|Some rights reserved by Bob AuBuchon|
My middle-school teaching days are well behind me now. But I have since learned that it is not just middle-schoolers who have stories behind their behaviors. Everyone has a story to tell. And in almost all cases, a person's behavior, whether we find it pleasant or not, can be tied, at least in part, to that story. When we know someone's story, we are much more willing to make accommodations for behavior that is less than stellar. When we know what another has been through, it makes us more compassionate in our responses. When we understand what someone else has experienced, we are less likely to take words or deeds as a personal affront, instead recognizing that they often arise from circumstances that have absolutely nothing to do with us.
If we recognize that fact when we know the story ... how much of a stretch would it be to simply assume that everyone has a story to tell, even when we do not actually know the particular details? Can we allow others the benefit of the doubt in our interactions with them ... simply because we know that they must have their own story ... even when their own narrative remains hidden from us? Must we exact the intimate details from others in order to respond with kindness, compassion, and understanding, or can it be enough to know that those details exist for them just as they do for us?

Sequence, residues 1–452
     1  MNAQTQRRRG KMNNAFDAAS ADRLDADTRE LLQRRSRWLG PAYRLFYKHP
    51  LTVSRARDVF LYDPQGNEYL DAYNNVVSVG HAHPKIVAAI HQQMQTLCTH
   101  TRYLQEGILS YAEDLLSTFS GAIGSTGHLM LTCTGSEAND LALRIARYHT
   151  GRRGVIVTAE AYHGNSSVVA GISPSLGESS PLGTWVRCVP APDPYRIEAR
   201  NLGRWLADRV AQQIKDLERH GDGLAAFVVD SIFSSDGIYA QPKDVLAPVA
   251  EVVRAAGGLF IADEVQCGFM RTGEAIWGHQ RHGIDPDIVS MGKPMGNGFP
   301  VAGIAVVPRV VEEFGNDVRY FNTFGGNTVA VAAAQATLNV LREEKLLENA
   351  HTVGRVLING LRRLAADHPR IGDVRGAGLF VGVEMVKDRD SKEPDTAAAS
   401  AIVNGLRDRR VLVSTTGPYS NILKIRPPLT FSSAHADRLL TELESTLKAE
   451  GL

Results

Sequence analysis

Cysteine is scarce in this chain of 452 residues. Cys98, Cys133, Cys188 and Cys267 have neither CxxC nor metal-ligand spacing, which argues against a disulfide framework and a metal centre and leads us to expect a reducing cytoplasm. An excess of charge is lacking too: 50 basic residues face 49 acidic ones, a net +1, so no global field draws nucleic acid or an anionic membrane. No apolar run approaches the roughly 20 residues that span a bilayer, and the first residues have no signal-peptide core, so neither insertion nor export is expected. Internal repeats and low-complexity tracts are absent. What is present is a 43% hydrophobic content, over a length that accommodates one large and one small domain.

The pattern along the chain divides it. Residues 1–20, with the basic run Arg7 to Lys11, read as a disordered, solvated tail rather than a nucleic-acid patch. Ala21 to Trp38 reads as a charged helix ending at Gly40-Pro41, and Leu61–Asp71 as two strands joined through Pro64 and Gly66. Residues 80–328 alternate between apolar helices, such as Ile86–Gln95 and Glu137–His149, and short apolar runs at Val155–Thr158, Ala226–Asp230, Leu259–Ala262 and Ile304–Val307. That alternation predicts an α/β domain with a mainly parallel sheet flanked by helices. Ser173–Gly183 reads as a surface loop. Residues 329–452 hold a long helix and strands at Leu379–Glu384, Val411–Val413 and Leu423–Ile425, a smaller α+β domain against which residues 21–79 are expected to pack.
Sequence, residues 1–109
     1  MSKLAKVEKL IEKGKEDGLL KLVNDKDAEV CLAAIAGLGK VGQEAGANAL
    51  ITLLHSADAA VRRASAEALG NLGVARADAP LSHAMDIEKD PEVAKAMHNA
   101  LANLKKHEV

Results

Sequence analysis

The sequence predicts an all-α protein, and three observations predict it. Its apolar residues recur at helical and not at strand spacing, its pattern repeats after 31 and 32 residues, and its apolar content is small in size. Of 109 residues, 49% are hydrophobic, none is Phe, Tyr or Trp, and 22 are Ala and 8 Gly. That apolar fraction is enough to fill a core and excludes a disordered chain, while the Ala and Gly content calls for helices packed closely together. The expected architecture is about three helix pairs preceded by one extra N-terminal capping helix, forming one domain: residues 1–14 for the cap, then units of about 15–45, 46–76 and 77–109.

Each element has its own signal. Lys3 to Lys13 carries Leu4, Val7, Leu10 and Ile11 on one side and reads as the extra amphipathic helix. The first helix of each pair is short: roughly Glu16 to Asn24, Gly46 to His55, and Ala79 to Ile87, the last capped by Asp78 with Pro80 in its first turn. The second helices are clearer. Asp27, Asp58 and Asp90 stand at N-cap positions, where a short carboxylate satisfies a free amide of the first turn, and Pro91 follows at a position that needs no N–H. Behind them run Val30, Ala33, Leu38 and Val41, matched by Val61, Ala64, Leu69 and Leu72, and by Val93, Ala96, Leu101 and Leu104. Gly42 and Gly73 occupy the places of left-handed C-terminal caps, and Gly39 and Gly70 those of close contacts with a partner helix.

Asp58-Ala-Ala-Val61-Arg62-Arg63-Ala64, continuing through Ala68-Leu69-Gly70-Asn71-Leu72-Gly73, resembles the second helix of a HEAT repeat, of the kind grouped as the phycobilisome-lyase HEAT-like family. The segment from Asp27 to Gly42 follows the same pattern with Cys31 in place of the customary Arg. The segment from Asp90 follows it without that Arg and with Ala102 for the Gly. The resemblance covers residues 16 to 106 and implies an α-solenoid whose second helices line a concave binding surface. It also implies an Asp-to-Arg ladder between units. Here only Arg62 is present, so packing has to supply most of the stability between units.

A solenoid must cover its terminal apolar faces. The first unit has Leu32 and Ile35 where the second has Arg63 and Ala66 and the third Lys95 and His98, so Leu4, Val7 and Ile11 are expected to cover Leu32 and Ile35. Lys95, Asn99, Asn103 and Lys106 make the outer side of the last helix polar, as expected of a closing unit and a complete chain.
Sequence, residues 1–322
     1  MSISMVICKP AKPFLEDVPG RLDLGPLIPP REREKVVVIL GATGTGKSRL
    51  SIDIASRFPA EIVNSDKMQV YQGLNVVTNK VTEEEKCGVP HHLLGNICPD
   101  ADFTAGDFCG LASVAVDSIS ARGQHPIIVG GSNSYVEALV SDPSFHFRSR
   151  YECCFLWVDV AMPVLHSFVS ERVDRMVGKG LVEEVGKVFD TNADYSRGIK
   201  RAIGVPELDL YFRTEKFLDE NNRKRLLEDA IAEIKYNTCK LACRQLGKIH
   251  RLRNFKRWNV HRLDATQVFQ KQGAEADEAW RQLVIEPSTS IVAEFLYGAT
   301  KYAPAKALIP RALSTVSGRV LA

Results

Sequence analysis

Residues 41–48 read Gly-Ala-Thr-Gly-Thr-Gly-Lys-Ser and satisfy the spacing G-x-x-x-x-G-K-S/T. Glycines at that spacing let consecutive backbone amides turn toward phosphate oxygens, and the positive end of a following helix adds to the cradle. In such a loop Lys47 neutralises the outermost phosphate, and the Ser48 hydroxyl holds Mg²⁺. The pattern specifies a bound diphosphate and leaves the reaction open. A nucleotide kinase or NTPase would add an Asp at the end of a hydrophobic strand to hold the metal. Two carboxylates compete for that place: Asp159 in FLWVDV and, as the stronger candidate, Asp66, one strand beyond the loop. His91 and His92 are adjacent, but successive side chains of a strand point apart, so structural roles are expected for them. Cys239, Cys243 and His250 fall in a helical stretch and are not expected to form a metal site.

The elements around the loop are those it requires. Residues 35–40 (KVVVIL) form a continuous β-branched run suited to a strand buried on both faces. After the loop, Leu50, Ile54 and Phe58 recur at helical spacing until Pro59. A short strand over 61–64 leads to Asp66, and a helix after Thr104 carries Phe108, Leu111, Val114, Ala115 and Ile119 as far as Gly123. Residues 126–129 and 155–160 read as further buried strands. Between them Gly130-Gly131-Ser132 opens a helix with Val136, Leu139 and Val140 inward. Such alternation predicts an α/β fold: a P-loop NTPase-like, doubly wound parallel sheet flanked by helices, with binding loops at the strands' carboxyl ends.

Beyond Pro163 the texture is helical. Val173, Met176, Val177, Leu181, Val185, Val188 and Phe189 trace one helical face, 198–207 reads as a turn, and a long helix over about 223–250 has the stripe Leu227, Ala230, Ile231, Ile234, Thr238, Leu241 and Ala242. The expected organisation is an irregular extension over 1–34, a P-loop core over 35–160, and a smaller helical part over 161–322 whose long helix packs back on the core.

What kind of story might we create by recognizing that every person we meet is the protagonist of a tale of sound and fury signifying most everything that is important. What stories would we then be invited to be a part of or could we then create?